Remember, western bean cutworm populations have been widely confirmed in the past couple of years as being resistant to the Cry1F Bt toxin, so assume your corn is unprotected against western bean cutworm unless you have Syngenta’s Viptera trait (Vip 3a protein). For those who had pre-tassel corn sometime over the past few weeks, recall that eggs hatch in five to seven days and larvae begin traveling to find pollen to feed on. If you reached threshold during your scouting, insecticides should be applied before the advanced-stage larvae begin burrowing into ears.
Corn tar spot initial infections were found in early July in portions of Van Buren County. These initial lesions presumably have had enough time to begin producing spores, which over the last couple of years has marked the time that we begin to see more tar spot in fields. With the expected cooler and drier conditions over the next week, we might catch a bit of a break in terms of disease spread on dryland fields. However, on irrigated fields, we should be aware that finding times of the day to apply water that minimize the overall period of leaf wetness can reduce the risk of tar spot infection that we have seen over the last several years.
You can review Michigan State University Extension field crops pathologist Marty Chilvers’ discussion of Tar Spot Under Irrigation from the MSU Irrigation webinar video. You can also watch Chilvers’ presentation on Tar Spot and White Mold Management Options from the MSU Extension Field Crops Virtual Breakfast website. In short, leaf wetness durations over 7 hours can increase the spread of tar spot in irrigated fields. Remember, as we move into August, we can start to see an increase of the foggy morning dews that can lead to more risk for dryland fields as well. We have seen the most significant increase of visible tar spot lesions during the mid- to late-August period, but the infection period for these lesions undoubtably was in late July and early August.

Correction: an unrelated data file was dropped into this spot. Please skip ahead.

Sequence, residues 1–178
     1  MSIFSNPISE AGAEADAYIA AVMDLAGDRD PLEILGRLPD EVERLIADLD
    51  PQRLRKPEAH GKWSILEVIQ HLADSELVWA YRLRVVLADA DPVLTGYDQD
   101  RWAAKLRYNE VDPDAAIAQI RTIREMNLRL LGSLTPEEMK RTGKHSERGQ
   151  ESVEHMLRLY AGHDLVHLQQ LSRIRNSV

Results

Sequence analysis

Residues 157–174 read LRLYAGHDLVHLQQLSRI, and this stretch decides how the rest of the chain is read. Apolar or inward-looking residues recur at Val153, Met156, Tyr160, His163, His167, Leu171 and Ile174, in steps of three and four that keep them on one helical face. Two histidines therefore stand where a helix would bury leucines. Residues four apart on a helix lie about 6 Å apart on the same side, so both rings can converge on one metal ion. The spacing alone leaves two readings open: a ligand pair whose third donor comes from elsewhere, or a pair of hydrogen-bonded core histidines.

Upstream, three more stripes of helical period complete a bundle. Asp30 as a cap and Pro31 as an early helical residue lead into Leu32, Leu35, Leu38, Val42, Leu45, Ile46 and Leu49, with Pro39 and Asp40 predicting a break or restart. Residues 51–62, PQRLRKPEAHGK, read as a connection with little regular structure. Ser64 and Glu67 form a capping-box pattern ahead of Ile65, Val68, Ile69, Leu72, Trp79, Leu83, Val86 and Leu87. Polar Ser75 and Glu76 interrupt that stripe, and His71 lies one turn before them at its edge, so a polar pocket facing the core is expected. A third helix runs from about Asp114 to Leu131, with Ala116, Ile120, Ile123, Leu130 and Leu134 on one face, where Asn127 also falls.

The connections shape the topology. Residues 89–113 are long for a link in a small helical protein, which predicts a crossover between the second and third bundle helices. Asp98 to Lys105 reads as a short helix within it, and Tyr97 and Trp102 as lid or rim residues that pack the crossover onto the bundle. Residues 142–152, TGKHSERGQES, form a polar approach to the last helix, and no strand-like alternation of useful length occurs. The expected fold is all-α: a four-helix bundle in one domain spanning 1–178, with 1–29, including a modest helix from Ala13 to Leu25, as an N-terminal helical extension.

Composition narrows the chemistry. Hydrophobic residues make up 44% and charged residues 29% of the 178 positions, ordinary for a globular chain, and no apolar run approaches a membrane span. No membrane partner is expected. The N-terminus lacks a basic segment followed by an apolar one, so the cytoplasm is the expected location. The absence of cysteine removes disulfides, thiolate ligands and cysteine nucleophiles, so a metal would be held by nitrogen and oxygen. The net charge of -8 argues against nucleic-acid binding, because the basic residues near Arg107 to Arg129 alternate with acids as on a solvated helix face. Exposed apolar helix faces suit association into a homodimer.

August is the perfect time to begin to evaluate your weed management programs. Note any weed pockets in fields that have shown up and investigate what species they are. Look for species that are new to your operation and come up with a strategy of how to keep from spreading them across your fields. Be especially aware of pigweeds (most likely common waterhemp or Palmer amaranth) that didn’t die and giant ragweed. Some fields in eastern Branch and Hillsdale counties visited last week almost certainly had glyphosate-resistant giant ragweed based on the prevalence.
Unfortunately, sometimes it is more cost effective for your operation to go into the fields and remove new pockets of plants before they spread seed. Johnsongrass, Palmer and waterhemp that start out as a small pocket can take off and become very expensive to control in just one to two years. The best first strategy is to control with an effective herbicide or remove the plants before they produce seed. The best second strategy is to avoid harvesting these areas until last and clean out the combine thoroughly. These approaches tend to stave off the worst of the problem for a while, but usually a more rigorous (and expensive) herbicide program will be in your future.
Don’t be shy about pointing out problem areas to your neighbors in their fields as well. These problem weeds do not respect field boundaries, so their problem can quickly become yours.
Join us for the MSU Irrigation Webinar on Aug. 4 where the topics of irrigating fruit crops, water supply requirement estimates, and leaf wetness and disease prediction will be discussed. Cost is free, register online to receive the link which will be used for all episodes in the series that air every other Wednesday through Sept. 15.